Senior advisor to Indian government think tank says there are genuine concerns about GM mustard
The “NITI Aayog”, whose cautious views on GM mustard are presented below, is the National Institution for Transforming India, the main think tank of the government of India.
GM mustard cultivation: Government taking caution despite GEAC approval
By Manish Anand, Express News Service
The New Indian Express, 20 May 2017
Even while the Genetic Engineering Appraisal Committee (GEAC) has given its approval to the GM Mustard, the government does not appear enthused, as a senior advisor of the NITI Aayog said that the genuine concerns override the benefits, which warrant much wider consultation before any final decision is taken on the contentious issue.
“The GM Mustard will give just about 20 per cent more yields whereas there are varieties developed by the Indian Council of Agricultural Research (ICAR) with much more yield potentials without carrying the risks as attached to the genetically modified crops. The GEAC should have held consultations with more scientists and other professionals before giving its approval,” said Dr T Haque, Advisor, NITI Aayog.
Stating that biodiversity should be the top most concerns, Haque told EXPRESS that the Indian experience with Bt Cotton has been quite disappointing, as about 30 varieties of cotton have gone out of cultivation.
“The Bt Cotton came with the claims that it was resistant to the American bollworm pest. But farmers in Punjab found that the Bt Cotton was struck by the white flag posts, which led to a severe loss to the cultivators,” said Haque, while arguing that biodiversity must be preserved to ensure farmers from uncertain future developments.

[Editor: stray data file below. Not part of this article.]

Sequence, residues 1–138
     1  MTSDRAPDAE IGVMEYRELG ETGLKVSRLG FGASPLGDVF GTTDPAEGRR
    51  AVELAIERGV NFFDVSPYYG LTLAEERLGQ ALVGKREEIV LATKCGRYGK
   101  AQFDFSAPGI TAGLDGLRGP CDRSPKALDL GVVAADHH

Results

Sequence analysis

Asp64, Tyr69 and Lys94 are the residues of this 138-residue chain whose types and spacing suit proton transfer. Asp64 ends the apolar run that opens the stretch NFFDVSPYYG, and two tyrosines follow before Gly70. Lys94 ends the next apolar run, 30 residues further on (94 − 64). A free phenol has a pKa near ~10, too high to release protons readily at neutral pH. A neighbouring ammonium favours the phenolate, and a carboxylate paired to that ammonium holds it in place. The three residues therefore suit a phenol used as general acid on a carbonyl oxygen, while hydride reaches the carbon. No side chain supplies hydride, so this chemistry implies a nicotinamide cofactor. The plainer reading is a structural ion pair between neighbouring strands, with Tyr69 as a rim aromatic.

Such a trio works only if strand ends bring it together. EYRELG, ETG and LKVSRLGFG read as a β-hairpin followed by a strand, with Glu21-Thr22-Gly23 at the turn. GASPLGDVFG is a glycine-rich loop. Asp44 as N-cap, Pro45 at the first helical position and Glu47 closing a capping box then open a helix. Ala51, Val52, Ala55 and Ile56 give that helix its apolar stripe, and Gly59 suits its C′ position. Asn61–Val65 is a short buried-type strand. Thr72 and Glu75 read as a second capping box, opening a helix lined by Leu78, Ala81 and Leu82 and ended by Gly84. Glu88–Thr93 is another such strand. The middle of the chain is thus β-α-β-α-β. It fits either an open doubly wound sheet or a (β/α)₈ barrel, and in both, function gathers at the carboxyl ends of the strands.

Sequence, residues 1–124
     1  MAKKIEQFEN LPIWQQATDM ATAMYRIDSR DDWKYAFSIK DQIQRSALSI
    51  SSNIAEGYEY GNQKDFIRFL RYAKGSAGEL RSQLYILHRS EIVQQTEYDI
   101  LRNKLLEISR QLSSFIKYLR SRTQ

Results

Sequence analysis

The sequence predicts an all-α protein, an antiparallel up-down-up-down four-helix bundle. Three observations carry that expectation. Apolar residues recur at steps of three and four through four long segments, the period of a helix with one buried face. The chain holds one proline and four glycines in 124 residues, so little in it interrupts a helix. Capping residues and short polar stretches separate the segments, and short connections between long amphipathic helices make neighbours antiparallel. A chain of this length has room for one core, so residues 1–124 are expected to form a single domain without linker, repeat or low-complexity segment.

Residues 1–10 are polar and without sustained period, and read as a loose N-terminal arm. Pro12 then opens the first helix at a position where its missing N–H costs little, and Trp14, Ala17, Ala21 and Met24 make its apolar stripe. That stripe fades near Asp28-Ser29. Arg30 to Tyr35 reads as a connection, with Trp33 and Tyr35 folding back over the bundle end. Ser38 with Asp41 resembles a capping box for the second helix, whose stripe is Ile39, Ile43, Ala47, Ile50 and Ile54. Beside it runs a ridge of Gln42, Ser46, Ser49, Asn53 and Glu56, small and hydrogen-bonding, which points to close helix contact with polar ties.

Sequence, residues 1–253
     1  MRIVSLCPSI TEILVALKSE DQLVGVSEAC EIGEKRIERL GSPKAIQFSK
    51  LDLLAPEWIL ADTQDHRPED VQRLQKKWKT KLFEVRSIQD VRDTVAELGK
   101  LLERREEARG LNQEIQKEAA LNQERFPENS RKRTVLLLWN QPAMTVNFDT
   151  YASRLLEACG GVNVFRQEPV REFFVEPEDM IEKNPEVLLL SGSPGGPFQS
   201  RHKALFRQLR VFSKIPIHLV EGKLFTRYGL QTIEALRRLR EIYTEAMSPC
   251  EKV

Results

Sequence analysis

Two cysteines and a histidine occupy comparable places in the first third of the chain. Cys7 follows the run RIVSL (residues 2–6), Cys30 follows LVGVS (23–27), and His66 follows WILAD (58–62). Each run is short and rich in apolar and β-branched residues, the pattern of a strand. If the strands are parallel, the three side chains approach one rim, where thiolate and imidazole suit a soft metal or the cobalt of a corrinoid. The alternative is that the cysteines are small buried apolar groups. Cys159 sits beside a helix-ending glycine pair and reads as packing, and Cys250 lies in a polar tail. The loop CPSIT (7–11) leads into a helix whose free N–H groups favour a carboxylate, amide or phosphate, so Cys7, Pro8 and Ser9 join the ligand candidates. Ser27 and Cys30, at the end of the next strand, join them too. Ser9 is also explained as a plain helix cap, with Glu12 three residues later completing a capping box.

Incidentally, India is not yet self-sufficient in edible oils and spends substantial forex in imports to meet the demand within the country. But Haque says that the use of biotechnology in seed development could give the farmers high yielding hybrid seed varieties without making them solely dependent on the corporate enjoying monopoly.
“Besides the issue of biodiversity, health and environmental concerns just cannot be ignored while adopting the GM crops. There are genuine concerns of health safety as well. Also, making farmers captive to a corporate house is against the agricultural interests of the country. The farmers should be made stakeholders in seed development with sharing of patents with them, which could be done by forging a partnership with agricultural research institutions,” said Haque.
Incidentally, the “Three Years Action Plan” of the NITI Aayog has also stated that the “widespread concerns with respect to the GM crops cannot be ignored”. The document has advocated the use of alternative technology to push the high agricultural productions in the country.
With clear voices emerging out of the NITI Aayog against the immediate of the rollout of GM Mustard, which has been developed by Delhi University, the government, sources said, the government will be extra-cautious in taking any step.